The Federation of Islamic Organisations in Europe as it followed with great alarm the rapid succession of developments, and the horrific violations and provocations, expresses its brotherly solidarity with the unarmed Palestinian people suffering under Israeli military occupation, yet

unwilling to abandon sacred sites, cultural heritage, or rightful possessions. The Federation, at the same time, calls on the entire Muslim Ummah to stand up to its responsibilities in protecting its sacred sites, and liberating them from this wicked occupation. The Federation of Islamic Organisations in Europe also calls attention to Europe's responsibility in reining in Israeli extremism fuelled by a notion of power, and in exposing the continuing crimes and violations committed without let by the Israeli authorities and their military forces.

No doubt that neglect in face of these grave practices will only invite the extremist far right Israeli government to go even further in its violation of international law and human rights, and its flagrant disregard for human values, moral standards, and international norms.

 


 

30.11.2009

The Federation of Islamic Organisations in Europe (FIOE): 

 

The referendum in Switzerland on places of worship is a sad setback to the obligations regarding religious freedom

The message of hate directed at Muslims is seriously troubling, and must be renounced and remedied

With great sadness, the Federation of Islamic Organisations in Europe (FIOE) received the results of the referendum carried out in Switzerland on Sunday, 29 November 2009.

The Federation of Islamic Organisations in Europe considers this an unfortunate retreat from the obligations of protecting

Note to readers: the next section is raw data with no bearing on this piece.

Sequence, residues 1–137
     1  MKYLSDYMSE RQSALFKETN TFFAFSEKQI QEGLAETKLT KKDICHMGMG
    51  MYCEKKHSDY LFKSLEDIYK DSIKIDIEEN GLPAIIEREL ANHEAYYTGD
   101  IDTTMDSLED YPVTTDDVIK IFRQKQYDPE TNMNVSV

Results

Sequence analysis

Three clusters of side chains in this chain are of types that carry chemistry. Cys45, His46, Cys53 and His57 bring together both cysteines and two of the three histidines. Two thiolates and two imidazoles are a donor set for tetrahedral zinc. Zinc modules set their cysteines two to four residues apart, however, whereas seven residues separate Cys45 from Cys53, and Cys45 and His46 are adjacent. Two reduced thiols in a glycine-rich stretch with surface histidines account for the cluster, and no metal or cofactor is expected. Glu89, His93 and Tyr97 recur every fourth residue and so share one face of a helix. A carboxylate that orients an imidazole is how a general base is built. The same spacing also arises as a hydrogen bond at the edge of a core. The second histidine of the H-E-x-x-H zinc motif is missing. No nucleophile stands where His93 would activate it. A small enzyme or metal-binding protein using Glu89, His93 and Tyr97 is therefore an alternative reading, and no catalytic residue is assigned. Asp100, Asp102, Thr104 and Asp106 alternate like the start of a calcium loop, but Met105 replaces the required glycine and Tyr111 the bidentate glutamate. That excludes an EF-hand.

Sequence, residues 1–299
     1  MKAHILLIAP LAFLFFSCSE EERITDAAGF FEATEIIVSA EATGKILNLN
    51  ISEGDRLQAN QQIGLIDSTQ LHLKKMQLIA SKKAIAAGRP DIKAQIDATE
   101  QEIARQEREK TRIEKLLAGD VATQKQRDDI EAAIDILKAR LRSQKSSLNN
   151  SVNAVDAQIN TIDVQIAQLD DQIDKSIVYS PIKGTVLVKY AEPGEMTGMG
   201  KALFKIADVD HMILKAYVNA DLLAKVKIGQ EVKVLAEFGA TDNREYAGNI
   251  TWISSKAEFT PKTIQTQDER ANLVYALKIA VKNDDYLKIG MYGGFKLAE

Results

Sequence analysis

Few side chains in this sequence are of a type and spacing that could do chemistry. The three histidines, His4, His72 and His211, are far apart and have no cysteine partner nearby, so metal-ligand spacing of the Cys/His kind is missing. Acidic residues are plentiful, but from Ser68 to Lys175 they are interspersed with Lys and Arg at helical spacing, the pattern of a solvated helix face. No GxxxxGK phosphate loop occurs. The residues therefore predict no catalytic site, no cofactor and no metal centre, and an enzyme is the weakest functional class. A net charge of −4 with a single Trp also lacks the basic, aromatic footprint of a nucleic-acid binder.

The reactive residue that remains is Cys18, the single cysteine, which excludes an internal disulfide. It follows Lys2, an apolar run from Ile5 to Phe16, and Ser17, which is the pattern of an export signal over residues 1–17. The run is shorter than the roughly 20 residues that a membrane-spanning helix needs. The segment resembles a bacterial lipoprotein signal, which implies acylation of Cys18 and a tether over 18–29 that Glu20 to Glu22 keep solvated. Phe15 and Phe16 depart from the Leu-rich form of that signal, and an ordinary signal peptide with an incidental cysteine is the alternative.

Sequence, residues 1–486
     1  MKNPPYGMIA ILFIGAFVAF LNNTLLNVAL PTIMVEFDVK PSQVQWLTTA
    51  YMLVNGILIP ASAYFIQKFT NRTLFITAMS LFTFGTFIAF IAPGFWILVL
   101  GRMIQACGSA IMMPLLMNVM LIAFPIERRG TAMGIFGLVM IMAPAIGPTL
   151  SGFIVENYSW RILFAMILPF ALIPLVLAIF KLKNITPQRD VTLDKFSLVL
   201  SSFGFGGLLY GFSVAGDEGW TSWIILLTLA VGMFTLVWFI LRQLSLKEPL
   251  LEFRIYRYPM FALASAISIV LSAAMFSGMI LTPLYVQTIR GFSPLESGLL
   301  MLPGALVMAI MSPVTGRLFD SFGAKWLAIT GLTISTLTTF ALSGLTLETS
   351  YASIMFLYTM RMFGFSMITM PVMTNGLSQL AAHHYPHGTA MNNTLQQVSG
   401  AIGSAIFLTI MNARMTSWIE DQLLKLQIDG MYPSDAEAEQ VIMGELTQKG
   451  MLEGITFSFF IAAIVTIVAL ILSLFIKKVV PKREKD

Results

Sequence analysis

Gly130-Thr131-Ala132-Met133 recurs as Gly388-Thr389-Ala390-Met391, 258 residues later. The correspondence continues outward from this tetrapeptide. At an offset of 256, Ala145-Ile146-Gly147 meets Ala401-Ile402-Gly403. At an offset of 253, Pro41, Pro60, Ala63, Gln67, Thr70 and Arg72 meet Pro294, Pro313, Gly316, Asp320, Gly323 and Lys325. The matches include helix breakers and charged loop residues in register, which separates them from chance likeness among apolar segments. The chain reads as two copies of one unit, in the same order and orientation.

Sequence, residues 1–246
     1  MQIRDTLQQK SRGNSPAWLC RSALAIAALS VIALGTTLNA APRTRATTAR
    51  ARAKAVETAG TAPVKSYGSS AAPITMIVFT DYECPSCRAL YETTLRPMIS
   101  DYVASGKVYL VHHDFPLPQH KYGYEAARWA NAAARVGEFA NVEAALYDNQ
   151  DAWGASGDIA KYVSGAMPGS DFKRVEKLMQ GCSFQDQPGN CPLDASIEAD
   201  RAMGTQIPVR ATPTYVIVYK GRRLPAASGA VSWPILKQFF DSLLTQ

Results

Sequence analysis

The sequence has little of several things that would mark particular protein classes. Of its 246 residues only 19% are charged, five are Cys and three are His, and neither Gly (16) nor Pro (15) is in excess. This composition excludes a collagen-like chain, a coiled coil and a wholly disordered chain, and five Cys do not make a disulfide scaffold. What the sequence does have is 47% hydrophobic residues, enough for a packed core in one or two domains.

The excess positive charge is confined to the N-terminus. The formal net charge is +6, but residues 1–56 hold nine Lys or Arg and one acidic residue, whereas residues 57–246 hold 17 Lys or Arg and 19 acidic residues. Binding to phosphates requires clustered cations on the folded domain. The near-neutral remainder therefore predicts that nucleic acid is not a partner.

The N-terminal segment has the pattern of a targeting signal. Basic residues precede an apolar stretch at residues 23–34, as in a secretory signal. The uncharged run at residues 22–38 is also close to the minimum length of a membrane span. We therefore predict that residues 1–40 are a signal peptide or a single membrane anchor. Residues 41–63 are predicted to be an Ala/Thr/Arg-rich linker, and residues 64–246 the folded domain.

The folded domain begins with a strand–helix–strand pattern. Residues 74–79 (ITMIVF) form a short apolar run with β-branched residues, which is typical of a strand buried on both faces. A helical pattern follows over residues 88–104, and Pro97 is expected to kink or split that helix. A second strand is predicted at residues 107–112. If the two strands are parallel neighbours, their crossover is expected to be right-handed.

religious freedom and human rights, not in keeping with Switzerland's standing and values.

No doubt, that well before that, the mere idea of putting issues related to religious freedom and

human rights to vote is quite unacceptable and unjustifiable. Furthermore, the situation where the

majority votes on issues related to the rights of the minority is fundamentally at odds with the spirit

of democracy, which cannot be allowed to be used as an open door to incitement, and an excuse to

pit citizens against their fellow partners in society.

The Federation of Islamic Organisations in Europe has followed with deep disquiet, the events of the

past months and weeks in Switzerland—the charging of Swiss public opinion against Muslims, and

feeding selective racism and political extremism, in a clear gamble on disturbing the stability of that

society, under the pretext of banning minarets.

These developments are cause for serious worry, and indicate a state of retreat, in some European

countries, in fundamental rights and religious freedoms. This is what requires revision and treatment

at all levels. We consider the inflammatory campaigns that took place, as undermining the values,

which Switzerland and European societies value above all else. It is worth noting that such

campaigns, which feed a culture of extremism and bigotry are a disservice to any country regardless,

or any society that prides itself on upholding human values, and moral obligations.

On this occasion, we invite officials, public opinion leaders, human rights organisations, and civic

society institutions to work towards preserving civil liberties, and confront the results of this vote,

which restricts the rights of Muslims to practise their religion.

We are also confident that Muslims in Switzerland shall remain ever concerned, as do their partners

in society, with reinforcing the foundations of consensus, and pillars of harmony that must not be

eroded, or surrendered under whatever pretext.